Enhancing outcomes of low-intensity parenting groups through sufficient exemplar training: a randomized control trial

Melanie L. Palmer, Louise J. Keown, Matthew R. Sanders, Marion Henderson

Research output: Contribution to journalArticlepeer-review

6 Citations (Scopus)
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Low-intensity parenting groups, such as the Triple P-Positive Parenting Program Discussion Groups, appear to be a cost-effective intervention for child conduct problems. Several studies evaluating a Triple P Discussion Group on disobedience found promising results for improving child and parent outcomes. However, a sufficient exemplar training approach that incorporates generalization promotion strategies may assist parents to more flexibly apply positive parenting principles to a broader range of child target behaviors and settings, leading to greater change. We compared the effects of sufficient exemplar training to an existing narrowly focused low-intensity intervention. Participants were 78 families with a 5–8 year-old child. Sufficient exemplar training resulted in more robust changes in child behavior and superior outcomes for mothers on measures of parenting behavior, parenting self-efficacy, mental health, and perceptions of partner support at post-intervention and 6-month follow-up. These results indicate that teaching sufficient exemplars may promote generalization leading to enhanced intervention outcomes.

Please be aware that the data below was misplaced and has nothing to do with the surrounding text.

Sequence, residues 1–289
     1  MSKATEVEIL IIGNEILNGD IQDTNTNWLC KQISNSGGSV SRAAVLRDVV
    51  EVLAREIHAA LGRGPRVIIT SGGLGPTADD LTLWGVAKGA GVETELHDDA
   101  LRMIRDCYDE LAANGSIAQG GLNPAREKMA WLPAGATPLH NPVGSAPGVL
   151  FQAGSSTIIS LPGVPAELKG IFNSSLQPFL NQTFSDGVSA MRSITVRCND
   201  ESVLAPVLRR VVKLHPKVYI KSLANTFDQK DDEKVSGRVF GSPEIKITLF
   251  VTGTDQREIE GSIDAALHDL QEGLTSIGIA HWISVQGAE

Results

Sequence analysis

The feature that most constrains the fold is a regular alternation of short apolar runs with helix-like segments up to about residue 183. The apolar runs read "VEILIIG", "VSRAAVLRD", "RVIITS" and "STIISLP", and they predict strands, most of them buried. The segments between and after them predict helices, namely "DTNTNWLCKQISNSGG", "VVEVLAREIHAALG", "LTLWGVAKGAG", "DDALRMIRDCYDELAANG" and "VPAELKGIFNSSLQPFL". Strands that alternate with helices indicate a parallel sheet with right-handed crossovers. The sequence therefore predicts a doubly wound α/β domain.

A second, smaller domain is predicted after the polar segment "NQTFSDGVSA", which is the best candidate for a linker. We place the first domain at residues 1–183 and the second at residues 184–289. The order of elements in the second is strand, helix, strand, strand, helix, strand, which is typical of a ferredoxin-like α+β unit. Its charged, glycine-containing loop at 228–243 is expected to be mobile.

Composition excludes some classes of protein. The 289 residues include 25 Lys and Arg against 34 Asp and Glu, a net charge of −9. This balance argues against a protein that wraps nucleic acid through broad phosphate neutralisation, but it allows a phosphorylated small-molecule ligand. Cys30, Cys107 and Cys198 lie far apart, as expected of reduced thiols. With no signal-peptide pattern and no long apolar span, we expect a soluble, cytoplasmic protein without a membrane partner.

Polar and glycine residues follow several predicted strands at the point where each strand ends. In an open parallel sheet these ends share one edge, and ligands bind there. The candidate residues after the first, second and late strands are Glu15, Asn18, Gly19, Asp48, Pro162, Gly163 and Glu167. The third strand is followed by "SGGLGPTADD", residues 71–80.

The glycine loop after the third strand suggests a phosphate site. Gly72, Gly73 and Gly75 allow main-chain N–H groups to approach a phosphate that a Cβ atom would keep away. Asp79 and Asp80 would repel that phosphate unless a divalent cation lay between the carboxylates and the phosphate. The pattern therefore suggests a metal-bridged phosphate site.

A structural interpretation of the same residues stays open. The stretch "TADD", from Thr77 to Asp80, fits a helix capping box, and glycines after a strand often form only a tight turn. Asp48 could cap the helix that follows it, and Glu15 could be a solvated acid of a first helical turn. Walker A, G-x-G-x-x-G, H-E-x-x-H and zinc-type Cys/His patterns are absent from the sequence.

Original languageEnglish
Pages (from-to)384-399
Number of pages16
JournalChild Psychiatry and Human Development
Issue number3
Early online date9 Oct 2018
Publication statusPublished - 15 Jun 2019


  • conduct problems
  • generalization
  • intervention
  • low-intensity
  • parenting

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